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Black Lives Matter Chicago and Martin Luther King Jr.

Linked by Paul Ciano on January 18, 2017

Black Lives Matter Chicago:

On Nov. 5, 2016, Joshua Beal was in Chicago for his cousin’s funeral and, while driving back from the burial, was gunned down by an off-duty Chicago police officer. Black Lives Matter Chicago was attending a birthday celebration in honor of the late Rekia Boyd, who was killed by Chicago Police Officer Dante Servin in 2012, when we learned of this news.

We then immediately went to provide support for the family, and what resulted that night, as well as in the days to follow, was eerily reminiscent of Jim Crow America, except that it was the North and 2016.

Shouts of “Niggers go home” by white residents of Chicago’s far-south neighborhood of Mount Greenwood permeated the atmosphere. Bats and knives were confiscated by police from white residents who shouted racial epithets at the family of Beal, who had been killed just hours prior.

The following day, a white mob marched through the streets of Mount Greenwood and cheered in jubilation at the location where Beal was executed. This is Chicago 50 years after Martin Luther King Jr.’s death.

King died working on a Poor People’s Campaign and demanding that a redistribution of wealth was necessary to eradicate poverty. Black Lives Matter Chicago echoes this demand and asserts that violence in Chicago will not end but will only worsen if continued divestment, unemployment and blight occur.

The solutions to addressing poverty are well-known.

We must implement the radical measures King died fighting for right now by demanding fully funded schools, health care, jobs, access to housing, free drug-treatment programs and food.

The fact that these demands are considered radical today are a testament to how little regard our political establishment prioritizes life and how little has changed since King’s day, even since the nation has experienced its first black president.

For some time now, King’s legacy on mainstream media has been bastardized, completely removed from his actual work. This gross misrepresentation of King is all about the sanitized “dream” devoid of reality.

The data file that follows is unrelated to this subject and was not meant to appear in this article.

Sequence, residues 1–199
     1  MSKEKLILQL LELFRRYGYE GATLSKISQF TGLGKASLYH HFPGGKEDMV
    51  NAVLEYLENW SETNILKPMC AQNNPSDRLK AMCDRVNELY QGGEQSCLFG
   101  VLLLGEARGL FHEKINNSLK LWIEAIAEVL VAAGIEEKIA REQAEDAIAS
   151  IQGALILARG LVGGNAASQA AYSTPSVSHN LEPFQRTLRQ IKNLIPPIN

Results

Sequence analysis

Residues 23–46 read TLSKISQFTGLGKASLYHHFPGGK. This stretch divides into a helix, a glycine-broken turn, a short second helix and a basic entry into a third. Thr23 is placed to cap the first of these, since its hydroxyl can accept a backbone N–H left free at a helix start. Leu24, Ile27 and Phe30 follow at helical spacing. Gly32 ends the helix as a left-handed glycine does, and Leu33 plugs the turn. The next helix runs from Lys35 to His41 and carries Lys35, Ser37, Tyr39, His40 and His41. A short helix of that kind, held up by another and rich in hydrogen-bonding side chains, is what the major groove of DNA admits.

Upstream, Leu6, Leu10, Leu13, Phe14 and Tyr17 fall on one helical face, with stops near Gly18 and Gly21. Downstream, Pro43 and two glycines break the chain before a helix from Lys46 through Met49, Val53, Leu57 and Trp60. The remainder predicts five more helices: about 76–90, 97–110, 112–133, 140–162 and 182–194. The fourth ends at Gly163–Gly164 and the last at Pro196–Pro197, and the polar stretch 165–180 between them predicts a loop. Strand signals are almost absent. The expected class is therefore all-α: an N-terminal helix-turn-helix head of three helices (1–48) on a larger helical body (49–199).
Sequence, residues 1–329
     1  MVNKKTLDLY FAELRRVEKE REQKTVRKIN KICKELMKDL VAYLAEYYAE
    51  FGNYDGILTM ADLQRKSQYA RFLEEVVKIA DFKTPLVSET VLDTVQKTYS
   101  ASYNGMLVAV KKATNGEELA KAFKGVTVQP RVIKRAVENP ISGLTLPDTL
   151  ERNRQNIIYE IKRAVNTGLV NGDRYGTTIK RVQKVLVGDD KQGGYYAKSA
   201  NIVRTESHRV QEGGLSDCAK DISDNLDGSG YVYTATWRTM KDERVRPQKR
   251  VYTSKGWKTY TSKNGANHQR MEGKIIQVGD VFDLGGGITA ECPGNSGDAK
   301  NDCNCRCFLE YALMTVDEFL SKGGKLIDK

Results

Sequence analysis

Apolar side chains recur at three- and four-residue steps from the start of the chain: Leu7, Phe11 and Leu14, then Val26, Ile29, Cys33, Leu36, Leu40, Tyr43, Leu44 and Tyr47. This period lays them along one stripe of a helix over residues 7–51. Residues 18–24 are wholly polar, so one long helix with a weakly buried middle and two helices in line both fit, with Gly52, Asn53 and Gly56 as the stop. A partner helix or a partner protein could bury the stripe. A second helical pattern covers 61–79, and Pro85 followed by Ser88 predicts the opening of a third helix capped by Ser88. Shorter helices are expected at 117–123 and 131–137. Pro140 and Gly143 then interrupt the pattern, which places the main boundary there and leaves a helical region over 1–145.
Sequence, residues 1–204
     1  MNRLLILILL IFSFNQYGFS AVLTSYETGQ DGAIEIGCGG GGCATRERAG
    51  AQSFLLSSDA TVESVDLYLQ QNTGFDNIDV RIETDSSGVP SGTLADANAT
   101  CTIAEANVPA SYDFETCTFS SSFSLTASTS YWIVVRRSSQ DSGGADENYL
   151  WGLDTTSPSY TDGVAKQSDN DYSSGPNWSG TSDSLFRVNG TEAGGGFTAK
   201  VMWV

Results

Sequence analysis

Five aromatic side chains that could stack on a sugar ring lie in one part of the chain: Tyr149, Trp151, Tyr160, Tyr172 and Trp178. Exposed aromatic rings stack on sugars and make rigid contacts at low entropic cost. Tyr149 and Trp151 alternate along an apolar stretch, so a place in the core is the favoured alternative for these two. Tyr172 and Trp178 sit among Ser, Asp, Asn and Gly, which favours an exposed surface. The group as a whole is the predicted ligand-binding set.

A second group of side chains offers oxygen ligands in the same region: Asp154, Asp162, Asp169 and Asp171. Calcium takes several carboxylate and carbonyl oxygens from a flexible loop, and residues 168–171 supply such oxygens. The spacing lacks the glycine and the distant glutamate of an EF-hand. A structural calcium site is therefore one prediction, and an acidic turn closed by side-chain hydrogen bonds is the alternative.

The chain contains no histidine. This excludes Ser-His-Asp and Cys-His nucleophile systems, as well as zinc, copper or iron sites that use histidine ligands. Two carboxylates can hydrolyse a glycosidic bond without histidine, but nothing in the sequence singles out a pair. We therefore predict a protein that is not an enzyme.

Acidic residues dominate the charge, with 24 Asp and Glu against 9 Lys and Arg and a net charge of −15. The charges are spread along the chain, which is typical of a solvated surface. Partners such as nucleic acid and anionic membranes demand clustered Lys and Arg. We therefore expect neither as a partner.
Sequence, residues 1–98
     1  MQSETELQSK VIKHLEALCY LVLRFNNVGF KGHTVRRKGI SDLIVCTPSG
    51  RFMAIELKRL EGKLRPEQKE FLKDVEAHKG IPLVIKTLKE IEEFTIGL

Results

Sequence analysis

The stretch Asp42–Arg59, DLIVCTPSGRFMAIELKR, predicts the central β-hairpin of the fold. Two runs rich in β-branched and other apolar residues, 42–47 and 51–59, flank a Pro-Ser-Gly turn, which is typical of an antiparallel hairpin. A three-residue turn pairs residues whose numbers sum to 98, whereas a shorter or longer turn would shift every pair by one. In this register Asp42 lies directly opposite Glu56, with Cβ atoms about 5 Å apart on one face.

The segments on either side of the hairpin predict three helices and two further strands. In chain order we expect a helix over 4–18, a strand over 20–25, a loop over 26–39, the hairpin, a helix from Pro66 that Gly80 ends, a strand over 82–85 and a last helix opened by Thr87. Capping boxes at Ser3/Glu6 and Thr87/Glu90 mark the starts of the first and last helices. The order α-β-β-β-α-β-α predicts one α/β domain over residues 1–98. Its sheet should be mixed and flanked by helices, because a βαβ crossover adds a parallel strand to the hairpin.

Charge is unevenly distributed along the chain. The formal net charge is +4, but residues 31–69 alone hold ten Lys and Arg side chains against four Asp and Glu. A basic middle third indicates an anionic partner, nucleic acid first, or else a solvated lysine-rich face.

It would have us sleep through police shootings, a monstrous legal system that unjustly and disproportionately eats up black communities, and a lack of quality educational and employment opportunities to dream of a better day of equality and brotherhood.

We see images of a smiling or thoughtful King, likely thinking of peace and looking crisp and clean in his suits, quite unlike today’s protesters. We think of King and we hear freedom ringing on mountaintops and in valleys and ignore the cries of oppression even in the streets named after him.

We have conflated nonviolence with passivity, and we have forgotten that King’s legacy is meeting incredible violence with masses in the street.

Martin Luther King Jr.:

And one day we must ask the question, “Why are there 40 million poor people in America?” And when you begin to ask that question, you are raising questions about the economic system, about a broader distribution of wealth. When you ask that question, you begin to question the capitalistic economy. And I’m simply saying that more and more, we’ve got to begin to ask questions about the whole society.

Aaron Swartz:

Growing up, I slowly had this process of realizing that all the things around me that people had told me were just the natural way things were, the way things always would be, they weren’t natural at all. They were things that could be changed, and they were things that, more importantly, were wrong and should change, and once I realized that, there was really no going back.

I started reading books about the history of education and how this educational system was developed, and alternatives to it, and ways that people could actually learn things as opposed to just regurgitating facts their teachers told them, and that led me down this path of questioning things. Once I questioned the school I was in, I questioned the society that built the school. I questioned the businesses the schools were training people for. I questioned the government that set up this whole structure.

That’s what they feared the most, and that is where to begin.

Paul Ciano

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